Home > divorce, family law general, paternity/child custody > Garnishing Your Wages–How much can they REALLY take?

Garnishing Your Wages–How much can they REALLY take?

I learned another (not-fun) tidbit just this week.

As a little background, I represent a guy who has had the stuffing knocked out of him by his ex in so many ways that it would break your heart.  This new bit I learned while working on his case.  The Office of Recovery Services (ORS) is the state office in Utah that is tasked with collecting child support and alimony payments (called “support” payments, both of them.)  The ORS can be very useful, but they can also make the life of the obligor parent (the one who pays–to remember: “The Obligor is always Poor”)

The Obligor is Always Poor. That's this guy.

something of a hell on earth (but ONLY if he/she is a respectable honest person who doesn’t do all the little things that can be done to avoid paying child support and alimony.  Sucks, but there you are…)

One of the new ways I’ve discovered that ORS can destroy the average Obligor’s life is this:  through wage garnishment.  The ORS has the right to garnish the wages of anyone who owes on a support order–meaning, you got behind and now owe more than just this current month’s payment.  According to the Department of Labor, for child support/alimony payments owing, the obligor’s wages can be garnished up to 50% if that person is currently supporting a new wife/child(ren), or up to 60% if he/she has no such new/current obligations to family.  The Big, Happy (NOT) Law info is located here:  http://www.dol.gov/compliance/guide/garnish.htm.  (An aside:  So far as I can tell, the self-employed cannot be garnished…just a little sump’m sump’m that might be of use to some of you.  I’ll let you know if I learn otherwise.)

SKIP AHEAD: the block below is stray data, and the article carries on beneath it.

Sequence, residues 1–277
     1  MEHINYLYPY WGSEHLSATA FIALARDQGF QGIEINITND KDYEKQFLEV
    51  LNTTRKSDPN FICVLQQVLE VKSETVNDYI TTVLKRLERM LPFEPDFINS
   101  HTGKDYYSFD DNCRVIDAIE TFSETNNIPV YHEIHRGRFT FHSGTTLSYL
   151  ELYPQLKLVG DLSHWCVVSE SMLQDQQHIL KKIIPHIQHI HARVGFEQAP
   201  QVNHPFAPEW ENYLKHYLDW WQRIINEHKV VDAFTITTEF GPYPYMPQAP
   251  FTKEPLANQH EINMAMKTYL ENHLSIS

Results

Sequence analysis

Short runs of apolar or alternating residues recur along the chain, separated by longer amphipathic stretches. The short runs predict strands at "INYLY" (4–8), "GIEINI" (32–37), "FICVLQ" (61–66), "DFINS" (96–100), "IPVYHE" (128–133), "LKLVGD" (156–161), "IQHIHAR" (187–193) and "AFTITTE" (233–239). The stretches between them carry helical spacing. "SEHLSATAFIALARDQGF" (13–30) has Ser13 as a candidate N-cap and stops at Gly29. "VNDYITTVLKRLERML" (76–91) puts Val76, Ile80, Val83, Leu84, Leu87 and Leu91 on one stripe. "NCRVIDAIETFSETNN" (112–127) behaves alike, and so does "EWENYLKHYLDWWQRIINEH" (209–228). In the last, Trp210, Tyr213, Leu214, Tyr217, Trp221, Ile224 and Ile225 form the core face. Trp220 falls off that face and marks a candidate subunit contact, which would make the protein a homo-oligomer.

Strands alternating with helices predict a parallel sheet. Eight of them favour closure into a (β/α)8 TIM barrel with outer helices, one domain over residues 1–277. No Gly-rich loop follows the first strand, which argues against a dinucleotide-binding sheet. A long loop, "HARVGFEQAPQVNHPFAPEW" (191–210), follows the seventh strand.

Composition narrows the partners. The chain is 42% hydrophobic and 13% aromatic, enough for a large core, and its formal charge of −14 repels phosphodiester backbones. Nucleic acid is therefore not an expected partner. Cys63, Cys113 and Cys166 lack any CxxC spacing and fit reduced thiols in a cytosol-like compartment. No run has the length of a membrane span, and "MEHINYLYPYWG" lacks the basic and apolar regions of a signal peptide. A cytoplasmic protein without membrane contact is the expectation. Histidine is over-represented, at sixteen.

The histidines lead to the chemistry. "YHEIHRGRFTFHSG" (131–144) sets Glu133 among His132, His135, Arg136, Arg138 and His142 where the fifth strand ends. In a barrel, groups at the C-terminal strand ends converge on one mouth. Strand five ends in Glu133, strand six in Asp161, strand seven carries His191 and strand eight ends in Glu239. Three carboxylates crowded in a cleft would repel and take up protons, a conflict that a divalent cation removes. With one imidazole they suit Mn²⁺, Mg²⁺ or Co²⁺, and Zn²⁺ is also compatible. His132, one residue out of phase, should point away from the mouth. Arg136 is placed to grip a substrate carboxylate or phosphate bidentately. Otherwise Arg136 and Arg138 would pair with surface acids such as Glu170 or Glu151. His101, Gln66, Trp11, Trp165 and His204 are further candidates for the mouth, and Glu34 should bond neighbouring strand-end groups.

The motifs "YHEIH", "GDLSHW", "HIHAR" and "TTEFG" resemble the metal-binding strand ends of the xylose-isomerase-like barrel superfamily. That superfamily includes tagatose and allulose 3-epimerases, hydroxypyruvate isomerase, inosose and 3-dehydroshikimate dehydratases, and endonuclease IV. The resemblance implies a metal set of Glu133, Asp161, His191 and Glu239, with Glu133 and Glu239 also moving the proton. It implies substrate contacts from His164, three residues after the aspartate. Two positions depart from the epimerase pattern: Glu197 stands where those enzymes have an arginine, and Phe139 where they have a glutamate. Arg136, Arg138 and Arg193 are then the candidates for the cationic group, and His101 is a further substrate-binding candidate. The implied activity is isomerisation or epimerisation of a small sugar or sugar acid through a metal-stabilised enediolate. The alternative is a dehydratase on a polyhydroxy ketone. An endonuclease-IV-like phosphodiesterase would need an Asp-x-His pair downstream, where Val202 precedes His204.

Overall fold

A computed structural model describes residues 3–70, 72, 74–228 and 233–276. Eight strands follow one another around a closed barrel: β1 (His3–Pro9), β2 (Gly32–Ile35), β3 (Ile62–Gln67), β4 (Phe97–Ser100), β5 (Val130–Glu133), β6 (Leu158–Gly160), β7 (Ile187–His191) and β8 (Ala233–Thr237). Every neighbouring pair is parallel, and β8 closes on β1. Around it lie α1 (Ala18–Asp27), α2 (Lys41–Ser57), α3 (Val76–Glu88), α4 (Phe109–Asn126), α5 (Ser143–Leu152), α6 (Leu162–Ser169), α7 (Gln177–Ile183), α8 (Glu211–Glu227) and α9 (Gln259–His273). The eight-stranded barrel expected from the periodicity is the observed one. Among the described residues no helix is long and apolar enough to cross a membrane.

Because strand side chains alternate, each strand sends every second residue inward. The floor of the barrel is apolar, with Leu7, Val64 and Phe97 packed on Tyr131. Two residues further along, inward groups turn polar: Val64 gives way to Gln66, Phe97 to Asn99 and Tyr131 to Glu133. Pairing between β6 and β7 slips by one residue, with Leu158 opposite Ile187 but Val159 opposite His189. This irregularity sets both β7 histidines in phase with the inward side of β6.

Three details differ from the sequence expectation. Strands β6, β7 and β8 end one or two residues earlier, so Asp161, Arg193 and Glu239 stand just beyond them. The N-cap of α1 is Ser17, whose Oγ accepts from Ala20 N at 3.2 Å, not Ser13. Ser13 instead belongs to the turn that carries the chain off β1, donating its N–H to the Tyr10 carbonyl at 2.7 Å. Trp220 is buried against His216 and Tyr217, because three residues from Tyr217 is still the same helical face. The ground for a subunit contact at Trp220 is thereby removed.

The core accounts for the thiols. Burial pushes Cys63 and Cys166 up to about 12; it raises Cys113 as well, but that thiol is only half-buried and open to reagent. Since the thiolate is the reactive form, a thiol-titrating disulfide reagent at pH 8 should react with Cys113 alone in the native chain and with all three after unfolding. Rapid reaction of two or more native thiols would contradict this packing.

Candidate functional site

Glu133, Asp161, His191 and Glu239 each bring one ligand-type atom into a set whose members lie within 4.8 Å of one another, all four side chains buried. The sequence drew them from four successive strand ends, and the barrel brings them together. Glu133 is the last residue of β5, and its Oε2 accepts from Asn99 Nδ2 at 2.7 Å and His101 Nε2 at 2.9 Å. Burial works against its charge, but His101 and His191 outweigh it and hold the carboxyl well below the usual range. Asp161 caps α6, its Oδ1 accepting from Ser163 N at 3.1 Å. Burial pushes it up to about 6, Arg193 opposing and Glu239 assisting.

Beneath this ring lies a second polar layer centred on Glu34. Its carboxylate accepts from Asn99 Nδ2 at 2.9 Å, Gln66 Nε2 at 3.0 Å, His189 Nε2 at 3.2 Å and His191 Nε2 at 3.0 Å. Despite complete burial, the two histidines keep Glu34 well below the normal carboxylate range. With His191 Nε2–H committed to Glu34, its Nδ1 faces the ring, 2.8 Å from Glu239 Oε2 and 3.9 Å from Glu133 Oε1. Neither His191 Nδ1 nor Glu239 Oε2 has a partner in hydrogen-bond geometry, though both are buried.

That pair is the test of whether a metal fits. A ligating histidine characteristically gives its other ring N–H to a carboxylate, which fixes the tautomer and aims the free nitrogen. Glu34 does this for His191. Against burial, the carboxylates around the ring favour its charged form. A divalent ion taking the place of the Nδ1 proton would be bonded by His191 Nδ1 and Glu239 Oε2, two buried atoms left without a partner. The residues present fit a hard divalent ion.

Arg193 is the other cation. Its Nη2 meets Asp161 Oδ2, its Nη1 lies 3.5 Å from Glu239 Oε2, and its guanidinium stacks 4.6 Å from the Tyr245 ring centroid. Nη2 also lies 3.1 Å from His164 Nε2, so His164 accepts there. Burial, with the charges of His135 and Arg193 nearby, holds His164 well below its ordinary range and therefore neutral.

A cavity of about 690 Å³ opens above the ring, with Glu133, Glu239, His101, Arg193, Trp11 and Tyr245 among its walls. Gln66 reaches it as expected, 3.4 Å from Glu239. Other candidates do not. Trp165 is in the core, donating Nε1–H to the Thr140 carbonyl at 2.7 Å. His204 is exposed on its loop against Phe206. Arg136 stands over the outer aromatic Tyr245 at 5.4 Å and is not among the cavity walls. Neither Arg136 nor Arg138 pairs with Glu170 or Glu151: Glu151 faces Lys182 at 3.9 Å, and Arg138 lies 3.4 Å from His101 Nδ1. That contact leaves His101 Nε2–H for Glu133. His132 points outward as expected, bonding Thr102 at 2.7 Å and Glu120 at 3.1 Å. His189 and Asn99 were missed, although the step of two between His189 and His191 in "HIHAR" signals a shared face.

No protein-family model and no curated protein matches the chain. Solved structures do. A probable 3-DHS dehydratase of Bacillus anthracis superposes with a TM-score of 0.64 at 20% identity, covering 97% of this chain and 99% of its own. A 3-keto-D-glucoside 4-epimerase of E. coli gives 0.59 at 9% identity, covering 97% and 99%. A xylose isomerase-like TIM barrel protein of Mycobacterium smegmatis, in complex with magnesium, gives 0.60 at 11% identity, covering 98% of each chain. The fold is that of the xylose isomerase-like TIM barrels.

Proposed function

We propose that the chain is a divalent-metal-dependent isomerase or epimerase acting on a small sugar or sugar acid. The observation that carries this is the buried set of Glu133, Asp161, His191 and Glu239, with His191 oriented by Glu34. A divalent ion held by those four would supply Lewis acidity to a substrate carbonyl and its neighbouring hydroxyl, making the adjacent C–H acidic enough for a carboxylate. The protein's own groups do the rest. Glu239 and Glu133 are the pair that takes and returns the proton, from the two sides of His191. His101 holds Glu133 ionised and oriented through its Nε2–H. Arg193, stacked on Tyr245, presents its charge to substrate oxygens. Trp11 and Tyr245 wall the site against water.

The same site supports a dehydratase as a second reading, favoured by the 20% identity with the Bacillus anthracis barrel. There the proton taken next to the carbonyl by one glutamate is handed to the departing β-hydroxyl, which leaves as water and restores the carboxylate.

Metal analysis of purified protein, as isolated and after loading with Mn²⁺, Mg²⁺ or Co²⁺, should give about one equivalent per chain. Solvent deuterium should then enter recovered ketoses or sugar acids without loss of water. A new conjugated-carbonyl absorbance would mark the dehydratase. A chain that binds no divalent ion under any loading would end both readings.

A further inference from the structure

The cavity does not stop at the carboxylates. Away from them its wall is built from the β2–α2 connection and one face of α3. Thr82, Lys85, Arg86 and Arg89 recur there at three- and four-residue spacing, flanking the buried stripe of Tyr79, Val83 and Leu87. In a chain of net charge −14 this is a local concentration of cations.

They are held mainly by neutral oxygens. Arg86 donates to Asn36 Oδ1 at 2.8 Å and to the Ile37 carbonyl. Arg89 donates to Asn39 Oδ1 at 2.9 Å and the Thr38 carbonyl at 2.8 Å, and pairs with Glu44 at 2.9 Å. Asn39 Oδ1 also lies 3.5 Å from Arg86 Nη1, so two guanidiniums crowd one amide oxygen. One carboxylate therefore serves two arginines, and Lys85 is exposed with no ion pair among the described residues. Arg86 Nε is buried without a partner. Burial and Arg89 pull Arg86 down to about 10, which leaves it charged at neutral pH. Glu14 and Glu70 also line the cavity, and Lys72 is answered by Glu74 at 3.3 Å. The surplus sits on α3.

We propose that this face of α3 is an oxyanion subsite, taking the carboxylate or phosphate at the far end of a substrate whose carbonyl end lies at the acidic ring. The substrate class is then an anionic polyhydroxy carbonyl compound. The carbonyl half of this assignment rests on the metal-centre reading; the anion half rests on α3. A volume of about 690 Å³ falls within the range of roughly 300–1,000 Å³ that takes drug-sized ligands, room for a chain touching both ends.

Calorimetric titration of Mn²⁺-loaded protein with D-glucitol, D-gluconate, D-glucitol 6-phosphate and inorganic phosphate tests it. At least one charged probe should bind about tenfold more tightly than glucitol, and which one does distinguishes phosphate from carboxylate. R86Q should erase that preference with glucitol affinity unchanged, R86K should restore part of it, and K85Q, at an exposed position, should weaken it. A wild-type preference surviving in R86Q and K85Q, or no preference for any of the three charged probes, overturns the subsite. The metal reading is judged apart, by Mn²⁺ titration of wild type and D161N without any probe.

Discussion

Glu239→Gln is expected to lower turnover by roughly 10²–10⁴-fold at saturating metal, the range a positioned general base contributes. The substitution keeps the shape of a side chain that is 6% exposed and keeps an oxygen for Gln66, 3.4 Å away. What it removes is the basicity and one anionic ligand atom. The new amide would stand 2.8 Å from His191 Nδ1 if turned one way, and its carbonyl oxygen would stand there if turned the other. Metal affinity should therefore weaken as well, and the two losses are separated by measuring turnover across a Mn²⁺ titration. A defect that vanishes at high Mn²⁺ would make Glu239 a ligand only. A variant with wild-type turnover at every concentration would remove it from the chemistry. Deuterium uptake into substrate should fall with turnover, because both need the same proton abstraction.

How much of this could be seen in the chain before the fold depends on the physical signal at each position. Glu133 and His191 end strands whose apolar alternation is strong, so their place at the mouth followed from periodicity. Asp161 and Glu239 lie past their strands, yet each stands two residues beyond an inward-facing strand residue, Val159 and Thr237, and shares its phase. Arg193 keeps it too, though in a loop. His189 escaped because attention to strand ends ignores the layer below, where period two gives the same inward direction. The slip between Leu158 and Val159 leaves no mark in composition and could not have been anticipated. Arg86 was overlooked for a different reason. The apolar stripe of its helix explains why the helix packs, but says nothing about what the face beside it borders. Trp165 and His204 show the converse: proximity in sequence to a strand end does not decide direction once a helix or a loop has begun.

So the take-away is this:  If you are an honest person, who is not making it his/her life’s work to duck paying child support/alimony, who is employed and earns wages, DO NOT fall behind on support payments.  I don’t know about you, but I can’t afford to have half of my monthly income sucked away in lump chunks like that.  Your best bet is to keep the support amounts from being more than you can handle from the beginning.

Oh, and get a lawyer for your divorce/custody case…

Yea, yea, yea...tell me I'm being dramatic. Just wait until it's YOU bleeding money...


This is what it looks like in most people’s lives…A good one from Trace Adkins, from back in the day.  Keep on Tryin’.

  1. Jessica Aikhionbare
    August 7, 2012 at 11:21 am

    My boyfriend’s ex wife just started garnishing his wages for both of their children. However his daughter lives with him full time and his son lives with him during the week and see’s his mother on the weekends during the summer. Their divorce decree states that whomever the children live with has to pay child support. We both agree that child support should be paid. However how is his ex-wife able to garnish his wages for 2 children when only 1 lives with her full time during the school year? And his boy has been with him full time since June 1st with the ex-wife only seeing him a few weekend here and there.


    • August 7, 2012 at 11:26 am

      She has been able to garnish because (I’m assuming) the Order indicates that the children live with her. I’m also assuming that you are in Utah, and this is going through ORS. If that is the case, your boyfriend needs to contact them and let them know what the children’s current living situation is (providing documentation from the school the kids are enrolled in would help with this). ORS should tell him what they need to change the child support garnishment, at any rate.


  2. Jessica Aikhionbare
    August 7, 2012 at 11:36 am

    Yes we are in UT and I do believe she is going through ORS. Isn’t it illegal that his ex-wife is lying to ORS and taking money that she is not entitled to?


    • August 7, 2012 at 11:43 am

      It’s a violation of the court order that says that child support follows the child, so technically, yes, it’s illegal, but not criminal. The way you rectify situations where one parent isn’t following the decree is to file a Motion for Order to Show Cause in the same court that entered the decree. It’s a civil action, though, NOT criminal.


      • Jessica Aikhionbare
        August 7, 2012 at 11:53 am